That the General Assembly of the State of Virginia enacted a statute, or act of Assembly, which went into operation on the first day of January, in the year of our Lord 1820, and which is still unrepealed, in the words following.
No person, in order to raise money for himself or another, shall, publicly or privately, put up a lottery to be drawn or adventured for, or any prize or thing to be raffled or played for: And whosoever shall offend herein, shall forfeit the whole sum of money proposed to be raised by such lottery, raffling or playing, to be recovered by action of debt, in the name of any one who shall sue for the same, or by indictment or information in the name of the commonwealth, in either case, for the use and benefit of the literary fund. Nor shall any person or persons buy or sell, within this Commonwealth, any lottery ticket, or part or share of a lottery ticket, except in such lottery or lotteries as may be authorized by the laws
thereof; and any person or persons offending herein, shall forfeit and pay, for every such offence, the sum of one hundred dollars, to be recovered and appropriated in manner last aforesaid.
That the Congress of the United States enacted a statute on the third day of May, in the year of our Lord 1802, entitled, An Act, &c. in the words and figures following:
An Act to incorporate the inhabitants of the City of Washington, in the District of Columbia.
Be it enacted by the Senate and House of Representatives of the United States of America, in Congress assembled, That the inhabitants of the City of Washington be constituted a body politic and corporate, by the name of a Mayor and Council of the City of Washington, and by their corporate name, may sue and be sued, implead and be impleaded, grant, receive, and do all other acts as natural persons, and may purchase and hold real, personal and mixed property, or dispose of the same for the benefit of the said city; and may have and use a city seal, which may be altered at pleasure. The City of Washington shall be divided into three divisions or wards, as now divided by the Levy Court for the county, for the purposes of assessment; but the number may be increased hereafter, as in the wisdom of the City Council shall seem most conducive to the general interest and convenience.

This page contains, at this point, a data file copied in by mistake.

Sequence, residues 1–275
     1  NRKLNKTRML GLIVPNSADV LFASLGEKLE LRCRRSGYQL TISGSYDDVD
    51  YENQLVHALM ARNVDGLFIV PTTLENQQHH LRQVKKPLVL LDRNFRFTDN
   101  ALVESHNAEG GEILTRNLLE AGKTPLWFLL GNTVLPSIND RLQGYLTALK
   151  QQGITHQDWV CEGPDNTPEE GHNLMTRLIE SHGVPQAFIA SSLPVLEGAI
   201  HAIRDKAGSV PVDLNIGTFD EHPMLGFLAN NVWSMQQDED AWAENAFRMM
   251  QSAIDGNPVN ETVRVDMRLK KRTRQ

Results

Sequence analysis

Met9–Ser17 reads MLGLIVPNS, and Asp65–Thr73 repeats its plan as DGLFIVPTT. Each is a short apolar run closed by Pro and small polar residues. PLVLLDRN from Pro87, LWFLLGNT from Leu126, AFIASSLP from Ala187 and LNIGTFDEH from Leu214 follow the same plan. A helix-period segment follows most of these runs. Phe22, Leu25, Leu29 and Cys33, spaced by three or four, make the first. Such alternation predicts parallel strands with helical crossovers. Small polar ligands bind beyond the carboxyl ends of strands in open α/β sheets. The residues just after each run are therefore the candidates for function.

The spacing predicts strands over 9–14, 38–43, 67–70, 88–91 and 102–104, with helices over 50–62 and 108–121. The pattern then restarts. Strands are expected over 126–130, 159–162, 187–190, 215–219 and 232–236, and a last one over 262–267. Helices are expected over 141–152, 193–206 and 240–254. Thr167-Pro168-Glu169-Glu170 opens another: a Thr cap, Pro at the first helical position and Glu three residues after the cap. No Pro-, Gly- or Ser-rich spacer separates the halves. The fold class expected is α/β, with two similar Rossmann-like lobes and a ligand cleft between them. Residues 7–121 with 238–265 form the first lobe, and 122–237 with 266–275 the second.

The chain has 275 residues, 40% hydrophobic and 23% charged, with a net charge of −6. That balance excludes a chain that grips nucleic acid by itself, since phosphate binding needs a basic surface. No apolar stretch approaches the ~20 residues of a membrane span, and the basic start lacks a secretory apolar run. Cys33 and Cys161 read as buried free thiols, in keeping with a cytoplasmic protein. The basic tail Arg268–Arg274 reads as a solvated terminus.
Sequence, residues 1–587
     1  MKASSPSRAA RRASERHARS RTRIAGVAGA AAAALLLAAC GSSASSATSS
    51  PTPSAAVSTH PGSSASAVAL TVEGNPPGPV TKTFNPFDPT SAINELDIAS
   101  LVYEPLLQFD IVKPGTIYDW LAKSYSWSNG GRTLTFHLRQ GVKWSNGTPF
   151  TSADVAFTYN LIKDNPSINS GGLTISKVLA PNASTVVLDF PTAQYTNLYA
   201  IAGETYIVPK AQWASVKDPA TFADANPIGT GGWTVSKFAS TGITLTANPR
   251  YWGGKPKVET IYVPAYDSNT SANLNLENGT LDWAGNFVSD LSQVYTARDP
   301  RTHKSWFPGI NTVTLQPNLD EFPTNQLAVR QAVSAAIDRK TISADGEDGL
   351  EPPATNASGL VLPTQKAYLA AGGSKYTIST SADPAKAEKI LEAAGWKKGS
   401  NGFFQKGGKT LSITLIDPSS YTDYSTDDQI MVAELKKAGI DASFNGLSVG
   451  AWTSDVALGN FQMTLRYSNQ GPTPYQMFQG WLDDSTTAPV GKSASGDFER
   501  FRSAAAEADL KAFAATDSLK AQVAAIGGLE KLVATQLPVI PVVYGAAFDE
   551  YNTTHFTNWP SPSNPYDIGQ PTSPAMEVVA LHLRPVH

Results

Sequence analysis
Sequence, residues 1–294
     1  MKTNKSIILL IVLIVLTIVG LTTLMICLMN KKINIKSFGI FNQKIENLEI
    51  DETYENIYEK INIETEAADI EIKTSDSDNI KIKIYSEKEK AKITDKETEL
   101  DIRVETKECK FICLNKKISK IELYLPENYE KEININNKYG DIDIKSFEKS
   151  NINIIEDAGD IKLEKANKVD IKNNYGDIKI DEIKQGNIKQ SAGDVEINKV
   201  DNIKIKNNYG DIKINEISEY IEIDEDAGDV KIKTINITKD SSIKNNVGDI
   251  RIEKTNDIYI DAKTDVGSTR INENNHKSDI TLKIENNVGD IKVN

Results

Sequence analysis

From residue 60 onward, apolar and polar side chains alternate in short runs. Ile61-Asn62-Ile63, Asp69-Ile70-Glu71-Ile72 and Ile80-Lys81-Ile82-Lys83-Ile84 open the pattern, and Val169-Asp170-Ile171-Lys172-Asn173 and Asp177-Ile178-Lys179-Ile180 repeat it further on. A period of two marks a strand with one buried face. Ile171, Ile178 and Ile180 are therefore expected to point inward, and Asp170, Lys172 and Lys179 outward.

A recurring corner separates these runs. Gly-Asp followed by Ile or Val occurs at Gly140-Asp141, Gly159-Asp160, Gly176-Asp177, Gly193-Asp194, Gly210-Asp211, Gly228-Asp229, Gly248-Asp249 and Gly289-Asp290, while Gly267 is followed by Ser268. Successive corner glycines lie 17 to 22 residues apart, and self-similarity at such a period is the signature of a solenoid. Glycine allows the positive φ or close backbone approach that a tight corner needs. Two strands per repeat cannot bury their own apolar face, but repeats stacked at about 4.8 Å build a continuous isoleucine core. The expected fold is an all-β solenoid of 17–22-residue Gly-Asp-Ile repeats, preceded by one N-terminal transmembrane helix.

Sec. 2. And be it further enacted, That the Council of the City of Washington shall consist of twelve
members, residents of the city, and upwards of twenty-five years of age, to be divided into two chambers; the first chamber to consist of seven members, and the second chamber of five members; the second chamber to be chosen from the whole number of councillors, elected by their joint ballot. The City Council to be elected annually by ballot, in a general ticket, by the free white male inhabitants of full age, who have resided twelve months in the city, and paid taxes therein the year preceding the elections being held: the justices of the county of Washington, resident in the city, or any three of them, to preside as judges of election, with such associates as the council may from time to time appoint.
Sec. 3. And be it further enacted, That the first election of members of the City Council, shall be held on the first Monday in June next, and in every year afterwards, at such place in each ward as the judges of the election may prescribe.
Sec. 4. And be it further enacted, That the polls shall be kept open from eight o'clock in the morning, till seven o'clock in the evening, and no longer, for the reception of ballots. On the closing of the poll, the judges shall close and seal their ballot boxes, and meet on the day following, in the presence of the Marshal of the District, on the first election, and the council afterwards, when the seals shall be broken, and the votes counted: within three days after such election, they shall give notice to the persons having the greatest number of legal votes, that they are duly elected, and shall make their return to the Mayor of the city.
Sec. 5. And be it. further enacted, That the Mayor of the city shall be appointed annually by the President of the United States; he must be a citizen of the United States, and a resident of the city prior to his appointment.
Sec. 6. And be it further enacted, That the City Council shall hold their sessions in the City Hall, or until such building is erected, in such place as the Mayor may provide for that purpose, on the second Monday in June, in each year; but the Mayor may convene them oftener, if the public good require their deliberations; three fourths of the members of each Council, may be a quorum to do business, but a smaller number may adjourn from day to day: they may compel the attendance of absent members in such manner, and under...